It is important to note that Keynes's economic theories aimed to remedy the boom-and-bust cycle, and all of his theories were placed in this framework.

    Boom-and-bust cycle

    An informal name given to the periods of prosperity (boom) and recession (bust) which are a feature of the capitalist economy.

    His ideas, and how they were applied in the 20th Century have come to be known as Keynesianism.

    Increased government spending

    A willingness to spend, on behalf of the state, is a key component of Keynesian theory. Keynes argued that, in times of recession, governments must be willing to increase their budget deficit in order to stimulate economic growth. Keynes called this practice deficit spending, and he argued that by undertaking it states would encourage public spending.

    Budget deficit

    A state in which spending exceeds income, which is usually applied to governments.

    Let's take the example of the New Deal, which was launched in the USA by President Franklin D. Roosevelt, following the Wall Street Crash in 1929.

    The New Deal

    The earliest example of practical Keynesian economics, the New Deal saw the US government spend $3 billion dollars on employment programmes, such as the Civil Works Agency (CWA), over 6 years.

    Mixed economy

    A capitalist economy combining the free-market economy with some degree of state intervention and planning.

    By investing in job creation programmes during economic depressions, Keynesianism states that the government will stimulate public spending. Simply put, when people have jobs, they spend money. When people spend money, the economy improves.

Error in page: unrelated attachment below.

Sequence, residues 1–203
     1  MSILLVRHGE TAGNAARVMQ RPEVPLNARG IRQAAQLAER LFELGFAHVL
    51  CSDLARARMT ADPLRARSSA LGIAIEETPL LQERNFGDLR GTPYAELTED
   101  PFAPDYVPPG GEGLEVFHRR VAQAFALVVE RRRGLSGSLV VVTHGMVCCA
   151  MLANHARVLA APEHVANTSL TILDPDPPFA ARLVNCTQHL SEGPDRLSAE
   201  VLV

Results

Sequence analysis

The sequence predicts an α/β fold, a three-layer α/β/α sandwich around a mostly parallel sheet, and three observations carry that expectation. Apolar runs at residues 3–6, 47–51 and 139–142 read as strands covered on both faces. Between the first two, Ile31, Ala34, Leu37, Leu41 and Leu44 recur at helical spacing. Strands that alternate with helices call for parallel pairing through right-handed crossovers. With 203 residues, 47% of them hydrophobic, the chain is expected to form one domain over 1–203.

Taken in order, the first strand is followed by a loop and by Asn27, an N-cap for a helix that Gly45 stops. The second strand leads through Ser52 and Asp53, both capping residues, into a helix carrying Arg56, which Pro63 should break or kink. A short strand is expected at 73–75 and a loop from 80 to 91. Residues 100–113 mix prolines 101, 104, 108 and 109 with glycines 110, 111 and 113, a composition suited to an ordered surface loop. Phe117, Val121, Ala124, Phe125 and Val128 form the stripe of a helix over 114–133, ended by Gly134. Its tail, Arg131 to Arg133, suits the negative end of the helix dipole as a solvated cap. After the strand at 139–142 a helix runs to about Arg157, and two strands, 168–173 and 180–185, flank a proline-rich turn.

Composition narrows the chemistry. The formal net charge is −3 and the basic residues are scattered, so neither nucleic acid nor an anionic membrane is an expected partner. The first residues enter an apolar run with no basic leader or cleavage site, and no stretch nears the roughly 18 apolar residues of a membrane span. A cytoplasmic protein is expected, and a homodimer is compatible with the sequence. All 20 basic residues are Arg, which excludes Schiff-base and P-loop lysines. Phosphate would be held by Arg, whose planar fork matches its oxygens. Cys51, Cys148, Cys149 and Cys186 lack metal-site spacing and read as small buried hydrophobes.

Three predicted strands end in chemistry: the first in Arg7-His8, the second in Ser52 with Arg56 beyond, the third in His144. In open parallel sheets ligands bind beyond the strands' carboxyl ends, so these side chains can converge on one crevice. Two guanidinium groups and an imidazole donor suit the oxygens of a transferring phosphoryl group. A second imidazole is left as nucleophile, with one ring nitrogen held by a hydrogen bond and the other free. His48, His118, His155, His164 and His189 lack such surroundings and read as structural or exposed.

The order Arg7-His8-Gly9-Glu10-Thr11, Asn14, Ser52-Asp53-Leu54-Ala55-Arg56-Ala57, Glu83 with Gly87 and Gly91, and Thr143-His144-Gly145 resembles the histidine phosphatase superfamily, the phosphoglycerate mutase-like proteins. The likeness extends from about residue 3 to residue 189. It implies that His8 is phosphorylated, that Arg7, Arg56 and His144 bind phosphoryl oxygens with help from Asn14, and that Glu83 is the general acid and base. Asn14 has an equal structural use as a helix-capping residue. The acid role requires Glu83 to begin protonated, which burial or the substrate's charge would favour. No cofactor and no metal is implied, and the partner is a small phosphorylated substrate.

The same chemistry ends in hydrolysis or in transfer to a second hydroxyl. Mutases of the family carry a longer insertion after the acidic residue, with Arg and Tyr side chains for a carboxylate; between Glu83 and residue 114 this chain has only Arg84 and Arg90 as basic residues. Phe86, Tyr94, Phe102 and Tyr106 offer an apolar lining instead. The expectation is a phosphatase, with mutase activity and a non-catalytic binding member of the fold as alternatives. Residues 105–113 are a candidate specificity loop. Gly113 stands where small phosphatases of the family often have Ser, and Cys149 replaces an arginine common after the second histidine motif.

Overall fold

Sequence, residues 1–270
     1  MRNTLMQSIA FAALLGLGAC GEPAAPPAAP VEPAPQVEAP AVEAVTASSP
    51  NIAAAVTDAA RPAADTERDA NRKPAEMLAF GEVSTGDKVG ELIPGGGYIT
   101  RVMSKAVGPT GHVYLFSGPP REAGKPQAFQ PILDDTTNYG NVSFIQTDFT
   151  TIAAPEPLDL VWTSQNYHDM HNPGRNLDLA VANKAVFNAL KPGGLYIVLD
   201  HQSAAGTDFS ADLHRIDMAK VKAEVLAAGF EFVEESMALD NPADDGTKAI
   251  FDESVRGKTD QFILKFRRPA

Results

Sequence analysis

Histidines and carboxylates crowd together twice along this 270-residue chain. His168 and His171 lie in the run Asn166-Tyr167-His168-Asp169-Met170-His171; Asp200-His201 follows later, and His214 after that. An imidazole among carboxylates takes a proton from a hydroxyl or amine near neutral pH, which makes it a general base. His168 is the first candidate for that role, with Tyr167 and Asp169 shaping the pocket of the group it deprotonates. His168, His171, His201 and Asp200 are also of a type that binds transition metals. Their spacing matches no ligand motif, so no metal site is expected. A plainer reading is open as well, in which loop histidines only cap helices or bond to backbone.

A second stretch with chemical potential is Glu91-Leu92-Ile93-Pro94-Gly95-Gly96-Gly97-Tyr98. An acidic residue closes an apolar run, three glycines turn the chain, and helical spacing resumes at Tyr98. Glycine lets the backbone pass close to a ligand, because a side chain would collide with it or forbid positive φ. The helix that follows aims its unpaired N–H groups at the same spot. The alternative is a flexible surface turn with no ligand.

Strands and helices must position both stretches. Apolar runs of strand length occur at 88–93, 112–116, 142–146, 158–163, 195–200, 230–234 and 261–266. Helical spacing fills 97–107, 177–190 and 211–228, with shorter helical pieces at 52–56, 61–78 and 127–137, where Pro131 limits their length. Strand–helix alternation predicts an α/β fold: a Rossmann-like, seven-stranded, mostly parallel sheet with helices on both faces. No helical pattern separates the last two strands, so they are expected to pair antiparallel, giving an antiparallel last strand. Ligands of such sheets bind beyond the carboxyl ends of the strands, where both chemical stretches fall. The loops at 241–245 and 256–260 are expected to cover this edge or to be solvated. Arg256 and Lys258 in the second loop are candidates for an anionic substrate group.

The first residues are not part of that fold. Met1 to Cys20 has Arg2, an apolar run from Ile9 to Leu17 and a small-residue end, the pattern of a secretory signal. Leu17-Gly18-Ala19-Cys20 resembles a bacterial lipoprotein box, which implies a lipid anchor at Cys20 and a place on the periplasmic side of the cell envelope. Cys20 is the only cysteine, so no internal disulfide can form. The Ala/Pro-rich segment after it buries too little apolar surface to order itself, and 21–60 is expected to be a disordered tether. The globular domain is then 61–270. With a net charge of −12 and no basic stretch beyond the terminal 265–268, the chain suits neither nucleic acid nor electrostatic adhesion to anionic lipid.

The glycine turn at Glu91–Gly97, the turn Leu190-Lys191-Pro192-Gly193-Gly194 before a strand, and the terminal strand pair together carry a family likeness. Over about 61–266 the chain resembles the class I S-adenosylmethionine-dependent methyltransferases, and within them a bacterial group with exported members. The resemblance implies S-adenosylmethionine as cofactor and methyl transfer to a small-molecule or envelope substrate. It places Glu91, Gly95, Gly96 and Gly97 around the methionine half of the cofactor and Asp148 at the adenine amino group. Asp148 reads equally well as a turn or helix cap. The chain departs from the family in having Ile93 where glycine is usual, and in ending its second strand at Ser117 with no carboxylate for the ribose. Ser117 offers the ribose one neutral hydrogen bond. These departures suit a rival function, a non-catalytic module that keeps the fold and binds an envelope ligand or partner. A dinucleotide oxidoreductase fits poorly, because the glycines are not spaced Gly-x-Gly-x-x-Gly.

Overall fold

John Maynard Keynes United States President Franklin D. Roosevelt StudySmarterFig. 2 - Franklin D. Roosevelt (United States President from 1933-1945)

    This theory is integral to the managed economy, which Keynes formulated and advocated for.

    Demand economics

    As a result of this idea, Keynesianism can be understood as a demand-side economic theory. Prior to Keynes's theory, the economy had been seen through the lens of supply-side economics.

    Classical (Supply Economics)Keynesian (Demand Economics)
    When the economy takes a downward turn, demand for goods will decrease. Demand only takes a temporary hit during these periods before returning to normal and is only interrupted by the introduction of a minimum wage or trade union interventions. The economy requires expenditure (or demand) during times of economic turmoil, for example, the Great Depression. It is the responsibility of the government to create a budget deficit, artificially stimulating the economy.

    For Keynes, the reverse was true. In the wake of the Great Depression, factories across the world sat idle as the demand for their products rapidly declined. Keynes realised that the creation of jobs would not immediately affect costs, as prices remained stable during economic crises. Public investment in infrastructure could create this, leading to the multiplier effect.

    The Multiplier Effect